Photo by Stacy Shwartz
Slim Dunlap interview by John Wisniewski
Bob Dunlap was a Minneapolis fixture who played in indie rock bands and worked at the fabled First Avenue club before he was asked to join the Replacements in 1987, after Bob Stinson was fired from the group, playing alongside founders Paul Westerberg, Tommy Stinson and Chris Mars. Rechristened as "Slim," he toured and played on the final two 'Mats albums, Don't Tell A Soul (1989) and All Shook Down (1990). After the 'Mats imploded, he joined the Georgia Satellites and did his own solo albums- The Old New Me (1993), Times Like These (1996). After a 2012 stroke sidelined him, the Replacements (without Slim but with Paul/Tommy/Chris) briefly reunited to record 2013's Songs for Slim to benefit him, including two of Dunlap's songs and led to three years of shows done by Paul and Tommy (followed by the band ending again). With the help of his wife Chrissie, Slim talked about his storied career and current condition.
PSF: Who are some of your favorite guitarists when you were younger?
SD: Buddy Holly, Scotty Moore, Chuck Berry, Chet Atkins and James Burton.
PSF: How did you start working with Curtis A and Spooks?
SD: I auditioned for the band Thumbs Up in 1976 and was hired. We played power pop and soul music-a four piece band with Curt singing and playing rhythm guitar. We toured the five state ballroom circuit, along with a few local bars. Peter Jesperson says he started Twin Tone Records so he could record us. The band evolved into Spooks.
PSF: What was the Minneapolis music scene like at that time?
SD: It was mostly cover bands. Thumbs Up played a few of Curt's originals but they didn't go over with the crowd. The New Wave changed everything and pretty soon everyone started a band and was writing songs.
PSF: First Avenue was where you worked at and played at. What made the club special to you and the people in the city?
SD: My wife (she smiles at this) booked bands and gave a lot of encouragement to bands who made it big, like Prince and Soul Asylum (nudging him in a different direction now). First Avenue is the best club in America and Minneapolis is the best music city. Really proud. Love Steve (McClellan, the talent buyer and manager). Everything happened here because of him. Lots of bars I've played in exist to sell beer, but at First Avenue, the music came first.
PSF: What did you think of The Replacements before you worked with them?
SD: Loved them. Everyone did.
PSF: How did you meet Paul Westerberg?
SD: I met him at the Longhorn Bar, and saw his band there for the first time.
PSF: It is said that turned Paul down to join The Replacements and then changed your mind. What happened?
SD: Chrissie said I should take the job (Chrissie: "he was reluctant to leave me to tour since we had three small children"). Paul also made sure I was okay with it.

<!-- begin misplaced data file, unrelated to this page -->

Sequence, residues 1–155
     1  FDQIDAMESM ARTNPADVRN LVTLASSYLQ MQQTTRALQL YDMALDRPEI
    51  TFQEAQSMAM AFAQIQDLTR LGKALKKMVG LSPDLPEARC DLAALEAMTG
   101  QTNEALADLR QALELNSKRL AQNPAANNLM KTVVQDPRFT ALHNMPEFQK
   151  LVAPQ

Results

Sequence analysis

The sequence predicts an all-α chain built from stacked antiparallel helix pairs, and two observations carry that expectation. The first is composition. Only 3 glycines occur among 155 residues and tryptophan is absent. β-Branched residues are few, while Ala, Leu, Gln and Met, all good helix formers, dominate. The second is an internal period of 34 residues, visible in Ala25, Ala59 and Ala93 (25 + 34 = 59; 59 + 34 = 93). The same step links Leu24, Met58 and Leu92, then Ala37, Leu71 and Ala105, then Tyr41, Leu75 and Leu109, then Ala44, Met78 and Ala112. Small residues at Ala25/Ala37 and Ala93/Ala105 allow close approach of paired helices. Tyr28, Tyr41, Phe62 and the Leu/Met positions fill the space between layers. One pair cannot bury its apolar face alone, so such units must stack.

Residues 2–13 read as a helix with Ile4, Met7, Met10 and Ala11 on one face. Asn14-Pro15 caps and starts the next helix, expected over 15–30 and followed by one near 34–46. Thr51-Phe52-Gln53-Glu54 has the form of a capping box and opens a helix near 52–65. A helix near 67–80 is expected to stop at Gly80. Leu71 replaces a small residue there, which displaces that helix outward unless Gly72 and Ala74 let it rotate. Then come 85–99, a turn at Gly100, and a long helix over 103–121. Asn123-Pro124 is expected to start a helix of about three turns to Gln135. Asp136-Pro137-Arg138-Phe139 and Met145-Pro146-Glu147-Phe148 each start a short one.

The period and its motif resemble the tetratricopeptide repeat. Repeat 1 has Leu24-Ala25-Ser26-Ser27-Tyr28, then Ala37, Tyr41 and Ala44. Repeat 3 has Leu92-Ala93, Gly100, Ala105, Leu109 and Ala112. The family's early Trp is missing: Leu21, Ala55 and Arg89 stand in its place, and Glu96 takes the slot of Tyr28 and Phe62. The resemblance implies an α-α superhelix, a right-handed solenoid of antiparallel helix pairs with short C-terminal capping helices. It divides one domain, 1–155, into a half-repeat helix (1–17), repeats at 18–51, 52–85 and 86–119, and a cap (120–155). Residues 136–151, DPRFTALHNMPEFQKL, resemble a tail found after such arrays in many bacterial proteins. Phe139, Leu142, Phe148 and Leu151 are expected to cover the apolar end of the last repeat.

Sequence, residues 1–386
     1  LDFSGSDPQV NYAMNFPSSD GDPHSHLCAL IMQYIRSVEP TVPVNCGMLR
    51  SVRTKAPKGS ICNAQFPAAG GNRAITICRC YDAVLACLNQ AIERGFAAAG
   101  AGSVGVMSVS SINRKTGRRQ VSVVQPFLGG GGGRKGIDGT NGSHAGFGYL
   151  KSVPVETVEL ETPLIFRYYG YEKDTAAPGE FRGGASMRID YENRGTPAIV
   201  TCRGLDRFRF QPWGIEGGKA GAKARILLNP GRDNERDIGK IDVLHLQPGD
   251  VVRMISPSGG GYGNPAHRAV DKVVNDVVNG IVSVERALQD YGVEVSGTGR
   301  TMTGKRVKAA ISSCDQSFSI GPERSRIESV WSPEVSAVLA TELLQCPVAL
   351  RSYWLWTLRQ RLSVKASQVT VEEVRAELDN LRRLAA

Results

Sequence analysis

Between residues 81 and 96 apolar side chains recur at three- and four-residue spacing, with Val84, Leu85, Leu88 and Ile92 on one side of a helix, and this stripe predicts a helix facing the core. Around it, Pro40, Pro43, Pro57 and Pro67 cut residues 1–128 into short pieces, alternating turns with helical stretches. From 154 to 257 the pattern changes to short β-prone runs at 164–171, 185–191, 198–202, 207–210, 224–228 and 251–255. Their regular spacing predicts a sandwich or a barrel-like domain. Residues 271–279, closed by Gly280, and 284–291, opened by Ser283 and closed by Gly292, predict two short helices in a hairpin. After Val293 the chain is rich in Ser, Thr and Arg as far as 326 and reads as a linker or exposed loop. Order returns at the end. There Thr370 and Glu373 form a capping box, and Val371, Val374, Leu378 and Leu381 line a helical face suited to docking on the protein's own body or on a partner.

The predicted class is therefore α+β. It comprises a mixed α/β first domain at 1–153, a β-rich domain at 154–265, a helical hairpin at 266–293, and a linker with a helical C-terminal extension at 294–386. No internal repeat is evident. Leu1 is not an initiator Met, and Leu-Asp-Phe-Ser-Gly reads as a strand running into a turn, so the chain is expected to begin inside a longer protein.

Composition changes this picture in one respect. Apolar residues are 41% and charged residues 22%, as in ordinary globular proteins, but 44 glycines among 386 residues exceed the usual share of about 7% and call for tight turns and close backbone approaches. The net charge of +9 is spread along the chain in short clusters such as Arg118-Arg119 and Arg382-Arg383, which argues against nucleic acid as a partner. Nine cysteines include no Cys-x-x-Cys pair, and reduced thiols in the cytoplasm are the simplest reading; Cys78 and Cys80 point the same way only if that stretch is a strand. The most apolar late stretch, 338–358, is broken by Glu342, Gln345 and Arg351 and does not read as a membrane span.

PSF: You have your own style of playing but the old Replacement songs were done with Bob Stinson. Did you feel like you were replacing Bob Stinson when you played the songs live?
SD: No one could replace Bob. I learned his parts but did it my way.
PSF: What was the experience like playing with The Replacements?
SD: It was both exhilarating and depressing- a roller coaster ride. It fulfilled a lot of my dreams and opened doors for me. I'm incredibly grateful to Paul and Tommy and Chris for giving me a chance.
PSF: Could you tell us about the recording Don't Tell a Soul. What were the sessions like?
SD: Paul was under a lot of pressure from the record company and management- we all felt it and wanted to help him. There were too many starts and stops and the momentum kept breaking. We finally put out a very good record though.
PSF: It is said that All Shook Down was a Westerberg solo album. Did it feel that way? How was the recording different from the previous record?
SD: I'm on it was more than people think. It was me and Paul. Quiet, less madness and booze.
PSF: Did it feel like at that point that Paul was ready to leave the band?
SD: Yes, he was done.
PSF: Could you tell us about recording your solo album The Old New Me?
SD: It was great. I had a large stash of songs and wrote a lot more on the road, with lots of time in a hotel room. Thanks to Peter [Jesperson] for believing in me.
PSF: What was it like working with Dan Baird and the Georgia Satellites? How did that compare to the Replacements?
SD: Night and Day. No pressure. Dan is my friend and very easy to be around. And the gigs were fun. I felt like I'd already passed the audition. and could just do what I love- play guitar. I was tired of touring though, and wanted to be home.
PSF: Tell us about recording your second solo album Times Like This?
SD: Well, you have your whole life to write that first record. The follow up is harder but that pushed me to work harder to craft a good song.
PSF: What would you say is your favorite Replacements album?
SD: Let it Be.
PSF: How are you doing now and will you play again?
Chrissie Dunlap: I can answer that. He is paralyzed and can only move his head. He will never play again. He remains in good spirits despite his disability and pain. He has been hospitalized over one hundred times and as long as he is home with me, he feels pretty good.
Also see our 2009 article about The Replacements live
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